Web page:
Conn. renewable energy plan passes first test

HARTFORD, Conn. (AP) — New rules for renewable energy use in Connecticut have passed their first big test as the state Senate approved legislation proposed by Gov. Dannel P. Malloy boosting hydropower from Canada.

The 26-6 vote on Wednesday was a defeat for environmentalists who fought the Malloy administration. Advocates demanded more renewable power from smaller-scale wind and solar energy.

State Energy Commissioner Daniel Esty says the renewable energy portfolio has failed to support the cleanest possible renewable energy. He says it relies too much on biomass plants that he says are the least clean source of renewable power.

The legislation increases to 30 megawatts from five megawatts a hydropower project's capacity to be eligible for the state's renewable energy portfolio and tightens emission standards for power from biomass facilities.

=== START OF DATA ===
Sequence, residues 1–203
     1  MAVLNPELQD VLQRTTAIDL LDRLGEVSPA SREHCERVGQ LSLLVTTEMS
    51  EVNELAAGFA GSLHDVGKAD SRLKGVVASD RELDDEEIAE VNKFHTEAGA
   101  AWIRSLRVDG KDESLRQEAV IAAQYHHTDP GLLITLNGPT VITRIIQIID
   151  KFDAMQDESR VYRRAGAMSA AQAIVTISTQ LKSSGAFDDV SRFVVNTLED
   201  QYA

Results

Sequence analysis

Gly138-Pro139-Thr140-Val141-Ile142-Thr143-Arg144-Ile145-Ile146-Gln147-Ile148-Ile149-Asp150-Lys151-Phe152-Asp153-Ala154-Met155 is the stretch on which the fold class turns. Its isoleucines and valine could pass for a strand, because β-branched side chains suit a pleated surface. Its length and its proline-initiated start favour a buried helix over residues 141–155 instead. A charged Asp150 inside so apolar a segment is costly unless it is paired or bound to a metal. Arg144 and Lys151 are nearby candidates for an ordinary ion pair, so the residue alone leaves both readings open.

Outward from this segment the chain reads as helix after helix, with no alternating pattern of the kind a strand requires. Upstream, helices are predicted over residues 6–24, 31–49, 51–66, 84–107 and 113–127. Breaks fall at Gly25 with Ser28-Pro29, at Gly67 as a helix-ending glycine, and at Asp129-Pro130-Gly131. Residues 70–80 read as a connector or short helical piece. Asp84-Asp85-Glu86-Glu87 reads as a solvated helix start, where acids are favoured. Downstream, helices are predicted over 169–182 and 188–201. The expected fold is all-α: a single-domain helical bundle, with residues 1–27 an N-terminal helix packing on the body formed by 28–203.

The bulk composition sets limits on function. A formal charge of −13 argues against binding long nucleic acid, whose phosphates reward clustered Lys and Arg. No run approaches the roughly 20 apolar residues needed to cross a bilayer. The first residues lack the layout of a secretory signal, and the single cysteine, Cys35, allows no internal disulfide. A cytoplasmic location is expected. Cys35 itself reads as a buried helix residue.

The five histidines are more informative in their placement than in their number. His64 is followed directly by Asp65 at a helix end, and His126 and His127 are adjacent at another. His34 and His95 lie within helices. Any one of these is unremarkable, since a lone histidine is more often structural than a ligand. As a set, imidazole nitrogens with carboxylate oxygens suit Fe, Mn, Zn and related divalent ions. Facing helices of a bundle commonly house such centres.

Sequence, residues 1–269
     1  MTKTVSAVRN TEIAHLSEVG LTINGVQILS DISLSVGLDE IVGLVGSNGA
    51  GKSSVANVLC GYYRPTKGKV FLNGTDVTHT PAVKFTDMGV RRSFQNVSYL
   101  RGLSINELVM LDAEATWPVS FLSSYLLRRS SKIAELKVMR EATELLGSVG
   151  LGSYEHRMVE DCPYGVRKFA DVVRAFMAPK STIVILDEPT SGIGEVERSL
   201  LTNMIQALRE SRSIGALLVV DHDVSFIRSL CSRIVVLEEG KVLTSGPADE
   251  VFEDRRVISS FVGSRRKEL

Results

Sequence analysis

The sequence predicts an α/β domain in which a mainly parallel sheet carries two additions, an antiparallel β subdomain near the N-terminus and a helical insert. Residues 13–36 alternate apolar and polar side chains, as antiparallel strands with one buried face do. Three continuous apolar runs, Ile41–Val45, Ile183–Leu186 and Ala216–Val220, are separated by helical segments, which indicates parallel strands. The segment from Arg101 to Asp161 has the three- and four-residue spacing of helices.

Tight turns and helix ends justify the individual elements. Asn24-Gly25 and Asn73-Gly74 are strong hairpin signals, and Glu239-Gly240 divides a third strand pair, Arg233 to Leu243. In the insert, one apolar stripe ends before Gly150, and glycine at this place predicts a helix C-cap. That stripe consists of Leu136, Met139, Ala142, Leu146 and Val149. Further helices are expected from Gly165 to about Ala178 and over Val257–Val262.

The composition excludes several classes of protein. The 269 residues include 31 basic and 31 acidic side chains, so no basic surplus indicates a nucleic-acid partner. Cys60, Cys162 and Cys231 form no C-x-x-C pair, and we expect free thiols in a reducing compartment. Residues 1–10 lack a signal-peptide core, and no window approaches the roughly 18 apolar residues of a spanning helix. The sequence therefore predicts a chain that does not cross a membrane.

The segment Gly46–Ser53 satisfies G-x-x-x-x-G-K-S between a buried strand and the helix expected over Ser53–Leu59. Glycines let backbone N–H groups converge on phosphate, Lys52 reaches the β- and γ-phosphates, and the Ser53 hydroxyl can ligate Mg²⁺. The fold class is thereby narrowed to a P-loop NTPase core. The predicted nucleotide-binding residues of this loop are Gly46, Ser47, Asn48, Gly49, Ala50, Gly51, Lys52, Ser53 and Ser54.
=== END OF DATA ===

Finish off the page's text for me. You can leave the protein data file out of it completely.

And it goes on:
It now heads to the House of Representatives.

Copyright 2014 AP Modified. All rights reserved. This material may not be published, broadcast, rewritten or redistributed.

 

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Connecticut (change)

 
Connecticut has 169 cities and towns, which serve as the fundamental local political subdivision of the state. Connecticut is the 5th of the original thirteen United States.
 
Offices & Officials

Governor: Dan Malloy
Lieutenant Governor: Nancy Wyman
Attorney General: George Jepsen
State Treasurer: Denise L. Nappier

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